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Refactoring Your Code With VS.NET 2005

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Introduction

There are developers who write code and then there are developers who write better code. The difference is obvious. Writing good code is skill that not all developers have. This also implies that this skill can be improved. A part of this skill includes ability to refactor the code that you or somebody else has written. VS.NET 2005 includes a set of features that help you in this regards. This article is going to discuss what refactoring is and how VS.NET 2005 helps you to refactor your code.

What is refactoring?

As a developer all of us write code in one or the other language. Often the code we write is not the best piece of software in terms of its organization, arrangement, readability and structure. When we (or somebody else) review our own code we realize that it needs to be improved or even rewritten at certain places. This process of improving our code is called as refactoring. Note that the term refactoring implies that we are improving the code without changing its intended functionality or meaning.

Some of the common refactoring tasks include:

  • Changing signature of methods
  • Renaming variables
  • Creating interfaces out of existing code
  • Convert a block of code into a separate method

Refactor menu

Now comes the interesting part. VS.NET 2005 includes a menu called "Refactor" that helps you to perform many of the common refactoring tasks. The following figure shows the Refactor menu and its items.

image

Renaming variables, properties and methods

Many times it happens that after writing huge amount of code you feel like changing names of variables, properties and methods involved. Common reason being improved readability. The traditional approach is to use "Find and Replace" option from edit menu. Unfortunately our code is not a work document and invoking "Find and Replace" may not prove useful. Moreover chances of accidentally replacing unintended tokens are high (recollect how often you used Ctrl+Z after that mighty Replace All command). The Rename menu option from the Refactor menu helps you do this task easily.

You need to go the variable or property or method name that you intend to change and select "Rename" menu option. This will open a dialog as shown below:

image

You can enter the new name for the variable, property or method and click OK to change it everywhere. You can also preview the changes before you apply them. The following figure shows the preview dialog. See how you can uncheck the locations where change is going to occur.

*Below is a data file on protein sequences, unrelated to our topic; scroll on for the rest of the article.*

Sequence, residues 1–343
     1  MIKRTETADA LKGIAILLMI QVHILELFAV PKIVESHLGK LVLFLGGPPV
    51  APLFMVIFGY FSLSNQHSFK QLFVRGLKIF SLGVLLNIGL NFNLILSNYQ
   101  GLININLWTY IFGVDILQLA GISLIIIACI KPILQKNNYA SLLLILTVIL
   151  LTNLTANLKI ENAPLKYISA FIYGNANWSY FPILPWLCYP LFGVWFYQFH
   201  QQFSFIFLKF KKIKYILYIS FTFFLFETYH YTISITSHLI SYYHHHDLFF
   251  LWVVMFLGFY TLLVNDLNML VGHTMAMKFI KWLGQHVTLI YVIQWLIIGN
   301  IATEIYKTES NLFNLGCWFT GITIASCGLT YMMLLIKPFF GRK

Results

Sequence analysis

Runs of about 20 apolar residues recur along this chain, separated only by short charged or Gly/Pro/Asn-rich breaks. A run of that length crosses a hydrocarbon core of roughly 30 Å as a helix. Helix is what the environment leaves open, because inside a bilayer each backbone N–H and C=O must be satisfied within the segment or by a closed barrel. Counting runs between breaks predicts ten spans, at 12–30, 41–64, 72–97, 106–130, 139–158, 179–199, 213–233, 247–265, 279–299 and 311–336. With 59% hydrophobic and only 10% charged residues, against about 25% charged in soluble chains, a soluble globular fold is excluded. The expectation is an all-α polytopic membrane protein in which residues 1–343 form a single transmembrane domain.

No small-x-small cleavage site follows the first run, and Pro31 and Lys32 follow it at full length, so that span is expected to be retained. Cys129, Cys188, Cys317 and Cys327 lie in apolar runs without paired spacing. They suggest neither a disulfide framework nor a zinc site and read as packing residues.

image

Additionally you can control if you want to change the name in comments and string literals.

Extracting a method

Consider a typical scenario. You start coding a lengthy method consisting of some complex sets of algorithms. After completing the method you realize it has become huge and complex enough that other team members can not understand it with ease. Hence, you decide to break it down in multiple small functions. This not only simplifies your code but also improves its readability and maintainability. The "Extract Method" option of Refactor menu does the job for you.

In order to use this menu option you must select a block of code that you want to separate out as a method and then click on the "Extract Method" menu option. The following figure shows the extract method dialog.

image

Once you enter the name of the new method to be created and click OK it does two things for you:

  • It creates a new method as per your choice and places all the selected code inside it

  • It replaces the selected lines with a call to this newly created method

Creating properties that wrap class level variables

Let's accept the fact that many developers have habit of exposing class level variables (fields) to the external world. As per object oriented programming one should allow access to variables only through properties or methods. Such circumstances can be dealt with the help of "Encapsulate Field" option of Refactor menu.

Select the class level variable that you want to wrap inside a property and choose the "Encapsulate Field" option. This will open a dialog as shown below:

image

You need to enter the property name and decide if you want to update the references to the variable from outside the class or from outside as well as inside of the class. Just like Rename dialog you can preview the changes before applying.

Extracting interfaces

Sometime it happens that after coding a class you realize that there are going to be other classes bearing similar structure but different implementation. This is a perfect case for interfaces and "Extract Interface" option from Refactor menu does the job for you.

You need to be in the class and select "Extract Interface" to pop up a dialog as shown below:

image

You need to specify the name of the interface, the file name in which to store the interface and the members to be included in the interface. Clicking on OK creates a new file and creates an interface within in. Also, the class from which you extracted the interface is automatically marked to be implementing the interface.

Promoting local variables to method parameters

Another common scenario is converting local variables from a method as method parameters. In this case "Promote local variable to parameter" option of the Refactor menu comes handy. Simply place your custom at the line where you have declared the variable and click on this option. You fill find that the variable now appears as a method parameter and all the calls to the method get updated accordingly. Note that in order for this option to work it is necessary to initialize the variable to some value.